The Department of Agriculture has confirmed that talks will take place on Monday with representatives of the Animal Collectors' Association in a dispute over funding.

A strike at 38 knackeries around the country is now in its fifth day after operators claim their businesses are now at breaking point.

The action means that dead animals are not being collected and processed in the usual manner.

It is estimated around 1,000 animals would typically be handled by knackeries around the country each day.

John De Nash is a farmer in Tulsk, Co Roscommon. One of his animals, a six-month-old calf, died almost a week ago. There are no knackeries open to handle the carcass and he is concerned about the health risk to his family and farm.

The dispute centres on concerns over the assistance provided by the Department of Agriculture to the operators.

The Chairman of the Animal Collectors' Association said small family-run businesses around the country were no longer viable enterprises.

Michael McKeever said the businesses will remain shut until there is some movement from Government.

Gary Rogers runs a yard in the village of Scramoge outside Strokestown. He said most knackeries are small family-run businesses delivering a vital service in the agri sector.

But he said their livelihoods are threatened because they are under severe financial pressure.

Knackery owners say they are frustrated at the Department's failure to address several issues, some of them dating back to 2009.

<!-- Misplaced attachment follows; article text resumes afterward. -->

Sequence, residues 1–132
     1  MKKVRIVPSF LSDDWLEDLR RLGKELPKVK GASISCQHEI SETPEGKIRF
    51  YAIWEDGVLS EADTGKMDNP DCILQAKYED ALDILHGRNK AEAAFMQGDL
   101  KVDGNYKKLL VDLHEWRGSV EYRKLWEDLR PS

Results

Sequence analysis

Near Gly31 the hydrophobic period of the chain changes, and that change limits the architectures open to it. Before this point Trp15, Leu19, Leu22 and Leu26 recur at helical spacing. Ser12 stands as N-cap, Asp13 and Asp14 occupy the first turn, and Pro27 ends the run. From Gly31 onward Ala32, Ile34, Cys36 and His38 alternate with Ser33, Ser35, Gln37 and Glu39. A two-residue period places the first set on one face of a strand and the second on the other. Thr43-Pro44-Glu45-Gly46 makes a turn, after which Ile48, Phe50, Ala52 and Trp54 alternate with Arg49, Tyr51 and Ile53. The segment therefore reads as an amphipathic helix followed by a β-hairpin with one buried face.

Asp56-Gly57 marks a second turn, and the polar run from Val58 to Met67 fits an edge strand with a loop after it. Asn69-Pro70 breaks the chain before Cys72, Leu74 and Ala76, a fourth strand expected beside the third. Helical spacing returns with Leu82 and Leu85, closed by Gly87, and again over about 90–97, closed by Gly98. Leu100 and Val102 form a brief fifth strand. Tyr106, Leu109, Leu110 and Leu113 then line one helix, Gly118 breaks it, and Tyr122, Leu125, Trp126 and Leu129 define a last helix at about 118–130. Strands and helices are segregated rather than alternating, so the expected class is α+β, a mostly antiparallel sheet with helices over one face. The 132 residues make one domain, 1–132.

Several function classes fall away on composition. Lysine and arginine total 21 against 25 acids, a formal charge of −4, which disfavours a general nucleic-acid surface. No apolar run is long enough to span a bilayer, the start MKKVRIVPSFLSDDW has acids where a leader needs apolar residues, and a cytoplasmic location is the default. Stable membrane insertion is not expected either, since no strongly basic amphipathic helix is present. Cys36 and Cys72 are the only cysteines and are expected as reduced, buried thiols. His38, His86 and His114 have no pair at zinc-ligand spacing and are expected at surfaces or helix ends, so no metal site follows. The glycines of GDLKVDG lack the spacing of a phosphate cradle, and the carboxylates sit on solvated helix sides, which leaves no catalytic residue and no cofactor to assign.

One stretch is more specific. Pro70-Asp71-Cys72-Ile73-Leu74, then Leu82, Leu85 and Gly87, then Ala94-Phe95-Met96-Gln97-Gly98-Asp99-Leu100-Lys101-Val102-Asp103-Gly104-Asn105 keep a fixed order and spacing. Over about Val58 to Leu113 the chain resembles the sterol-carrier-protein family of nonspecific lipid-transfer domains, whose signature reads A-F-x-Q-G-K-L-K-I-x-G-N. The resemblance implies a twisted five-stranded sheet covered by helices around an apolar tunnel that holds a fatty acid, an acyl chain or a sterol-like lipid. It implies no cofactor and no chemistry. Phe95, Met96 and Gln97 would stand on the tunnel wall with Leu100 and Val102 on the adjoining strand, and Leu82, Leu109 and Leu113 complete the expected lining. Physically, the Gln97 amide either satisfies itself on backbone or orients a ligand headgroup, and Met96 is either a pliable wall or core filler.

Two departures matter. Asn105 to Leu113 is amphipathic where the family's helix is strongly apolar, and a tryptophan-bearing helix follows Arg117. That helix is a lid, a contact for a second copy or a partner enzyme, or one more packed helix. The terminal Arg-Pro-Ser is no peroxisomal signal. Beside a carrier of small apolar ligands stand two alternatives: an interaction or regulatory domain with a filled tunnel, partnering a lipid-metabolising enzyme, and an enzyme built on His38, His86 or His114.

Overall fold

Those centre on changes to the Fallen Animals Scheme, when funding for the collection of animals was reduced.

The Association claims there has been an 81% reduction in State funding since then.

Around 300,000 dead animals were handled by knackeries around the country last year.

Since 2013, a limit on the distance allowable for travel between knackeries and rendering yards has further complicated the task of operators.

Mr McKeever also said the hide trade had collapsed to the point where "they can't be given away".

Knackeries facilitate BSE testing and deal with the disposal of all dead farm animals.

In a statement, the Department of Agriculture said there are proposals on the table to provide additional supports to knackery owners but the Animal Collectors' Association has said they don’t go far enough.

Talks will resume again in Dublin on Monday in an effort to resolve the dispute.